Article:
Cancer screening in a middle-aged general population: factors associated with practices and attitudes

Cullati, Stéphane; Charvet-Bérard, Agathe I.; Perneger, Thomas V.
January 2009
BMC Public Health;2009, Vol. 9 Issue 1, p1
Academic Journal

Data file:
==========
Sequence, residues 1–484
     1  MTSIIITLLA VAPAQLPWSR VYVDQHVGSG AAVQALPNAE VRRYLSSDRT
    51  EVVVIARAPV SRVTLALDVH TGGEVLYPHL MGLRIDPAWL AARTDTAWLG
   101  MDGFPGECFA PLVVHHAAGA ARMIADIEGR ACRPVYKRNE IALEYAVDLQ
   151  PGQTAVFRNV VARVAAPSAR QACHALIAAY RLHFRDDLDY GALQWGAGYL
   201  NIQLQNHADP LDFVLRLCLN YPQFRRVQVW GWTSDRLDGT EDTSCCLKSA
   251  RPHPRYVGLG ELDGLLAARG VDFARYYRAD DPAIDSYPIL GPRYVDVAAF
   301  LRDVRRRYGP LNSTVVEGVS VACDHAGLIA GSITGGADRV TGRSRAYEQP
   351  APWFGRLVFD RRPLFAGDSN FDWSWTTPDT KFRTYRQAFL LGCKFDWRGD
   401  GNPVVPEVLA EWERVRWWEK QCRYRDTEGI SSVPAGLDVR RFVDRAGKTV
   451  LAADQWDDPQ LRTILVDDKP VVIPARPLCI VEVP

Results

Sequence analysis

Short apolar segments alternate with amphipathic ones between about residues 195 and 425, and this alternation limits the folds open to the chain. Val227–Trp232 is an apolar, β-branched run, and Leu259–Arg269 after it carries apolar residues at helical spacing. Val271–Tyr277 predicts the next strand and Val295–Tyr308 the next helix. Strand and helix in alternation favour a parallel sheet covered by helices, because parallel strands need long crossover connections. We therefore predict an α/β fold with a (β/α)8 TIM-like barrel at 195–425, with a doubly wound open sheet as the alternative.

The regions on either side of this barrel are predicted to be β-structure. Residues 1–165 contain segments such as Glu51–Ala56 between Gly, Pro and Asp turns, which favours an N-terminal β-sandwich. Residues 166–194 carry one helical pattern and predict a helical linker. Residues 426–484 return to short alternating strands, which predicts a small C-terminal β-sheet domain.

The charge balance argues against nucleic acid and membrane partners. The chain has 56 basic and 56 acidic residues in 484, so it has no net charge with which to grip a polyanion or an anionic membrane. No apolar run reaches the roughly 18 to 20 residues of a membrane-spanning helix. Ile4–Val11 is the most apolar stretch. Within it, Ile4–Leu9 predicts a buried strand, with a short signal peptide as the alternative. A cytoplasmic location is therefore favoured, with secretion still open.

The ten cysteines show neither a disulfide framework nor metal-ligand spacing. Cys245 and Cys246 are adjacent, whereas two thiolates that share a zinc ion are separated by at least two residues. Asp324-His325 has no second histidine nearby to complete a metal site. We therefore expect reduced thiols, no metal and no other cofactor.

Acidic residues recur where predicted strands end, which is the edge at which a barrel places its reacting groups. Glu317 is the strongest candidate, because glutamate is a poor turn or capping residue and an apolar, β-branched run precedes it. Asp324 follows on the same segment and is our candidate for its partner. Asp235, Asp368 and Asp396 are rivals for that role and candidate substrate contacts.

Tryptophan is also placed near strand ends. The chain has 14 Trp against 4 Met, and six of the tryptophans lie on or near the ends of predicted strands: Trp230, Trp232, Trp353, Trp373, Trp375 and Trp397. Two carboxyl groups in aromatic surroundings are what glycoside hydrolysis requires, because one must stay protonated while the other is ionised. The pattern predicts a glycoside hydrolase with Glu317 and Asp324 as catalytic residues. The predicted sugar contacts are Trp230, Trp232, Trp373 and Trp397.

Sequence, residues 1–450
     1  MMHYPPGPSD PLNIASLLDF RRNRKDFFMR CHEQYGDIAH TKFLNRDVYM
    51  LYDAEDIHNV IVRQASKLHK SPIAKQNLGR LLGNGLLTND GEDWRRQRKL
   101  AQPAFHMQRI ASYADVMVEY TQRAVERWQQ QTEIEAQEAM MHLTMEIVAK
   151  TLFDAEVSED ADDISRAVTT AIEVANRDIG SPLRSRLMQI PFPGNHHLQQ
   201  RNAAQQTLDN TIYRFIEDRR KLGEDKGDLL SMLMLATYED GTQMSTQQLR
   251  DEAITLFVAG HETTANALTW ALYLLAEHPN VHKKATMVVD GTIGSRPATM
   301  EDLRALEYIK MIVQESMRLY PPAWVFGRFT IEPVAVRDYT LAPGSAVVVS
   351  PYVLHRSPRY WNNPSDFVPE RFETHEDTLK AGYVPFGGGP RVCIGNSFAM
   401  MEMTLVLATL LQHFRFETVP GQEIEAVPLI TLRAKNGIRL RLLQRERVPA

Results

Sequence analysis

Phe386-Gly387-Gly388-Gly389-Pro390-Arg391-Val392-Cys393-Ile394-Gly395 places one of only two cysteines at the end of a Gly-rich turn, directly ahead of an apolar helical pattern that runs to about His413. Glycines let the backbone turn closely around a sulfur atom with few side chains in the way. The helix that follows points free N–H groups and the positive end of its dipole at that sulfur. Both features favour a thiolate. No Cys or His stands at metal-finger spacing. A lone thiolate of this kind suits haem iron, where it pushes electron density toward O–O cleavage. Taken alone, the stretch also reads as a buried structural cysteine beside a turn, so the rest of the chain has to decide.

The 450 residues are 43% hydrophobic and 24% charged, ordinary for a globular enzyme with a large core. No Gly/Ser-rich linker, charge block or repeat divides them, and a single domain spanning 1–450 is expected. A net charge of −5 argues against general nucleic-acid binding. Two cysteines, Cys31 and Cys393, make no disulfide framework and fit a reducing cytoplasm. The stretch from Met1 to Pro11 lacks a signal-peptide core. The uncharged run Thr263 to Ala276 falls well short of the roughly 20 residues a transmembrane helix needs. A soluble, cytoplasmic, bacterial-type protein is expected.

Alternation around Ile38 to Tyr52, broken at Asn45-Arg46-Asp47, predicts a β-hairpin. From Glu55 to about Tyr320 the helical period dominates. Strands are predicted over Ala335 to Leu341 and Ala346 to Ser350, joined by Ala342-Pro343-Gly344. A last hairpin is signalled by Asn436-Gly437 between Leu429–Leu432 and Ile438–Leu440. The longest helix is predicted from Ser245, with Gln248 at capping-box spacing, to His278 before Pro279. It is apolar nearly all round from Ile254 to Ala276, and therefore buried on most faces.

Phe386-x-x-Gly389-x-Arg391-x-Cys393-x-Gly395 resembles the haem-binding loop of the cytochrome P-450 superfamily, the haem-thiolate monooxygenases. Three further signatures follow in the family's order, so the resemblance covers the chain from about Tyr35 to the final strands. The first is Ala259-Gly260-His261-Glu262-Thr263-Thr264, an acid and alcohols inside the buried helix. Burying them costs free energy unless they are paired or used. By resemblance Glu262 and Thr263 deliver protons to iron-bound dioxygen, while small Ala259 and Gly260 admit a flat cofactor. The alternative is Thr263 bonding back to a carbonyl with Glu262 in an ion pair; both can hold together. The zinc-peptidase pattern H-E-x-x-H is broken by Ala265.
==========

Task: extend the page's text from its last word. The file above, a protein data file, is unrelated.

Background: The aim of this study was to identify factors associated with cancer screening practices and with general attitudes toward cancer screening in a general population. Methods: Mailed survey of 30-60 year old residents of Geneva, Switzerland, that included questions about screening for five cancers (breast, cervix uteri, prostate, colon, skin) in the past 3 years, attitudes toward screening, health care use, preventive behaviours and socio-demographic characteristics. Cancer screening practice was dichotomised as having done at least one screening test in the past 3 years versus none. Results: The survey response rate was 49.3% (2301/4670). More women than men had had at least one cancer screening test in the past 3 years (83.2% vs 34.5%, p < 0.001). A majority of women had had a cervical smear (76.6%) and a mammography (age 30-49: 35.0%; age 50 and older: 90.3%); and 55.1% of men 50-60 years old had been screened for prostate cancer. Other factors associated with screening included older age, higher income, a doctor visit in the past 6 months, reporting a greater number of preventive behaviours and a positive attitude toward screening. Factors linked with positive attitudes included female gender, higher level of education, gainful employment, higher income, a doctor visit in the past 6 months and a personal history of cancer. Conclusion: Attitudes play an important role in cancer screening practices among middle-aged adults in the general population, independent of demographic variables (age and sex) that determine in part screening recommendations. Negative attitudes were the most frequent among men and the most socio-economically disadvantaged. The moderate participation rate raises the possibility of selection bias.


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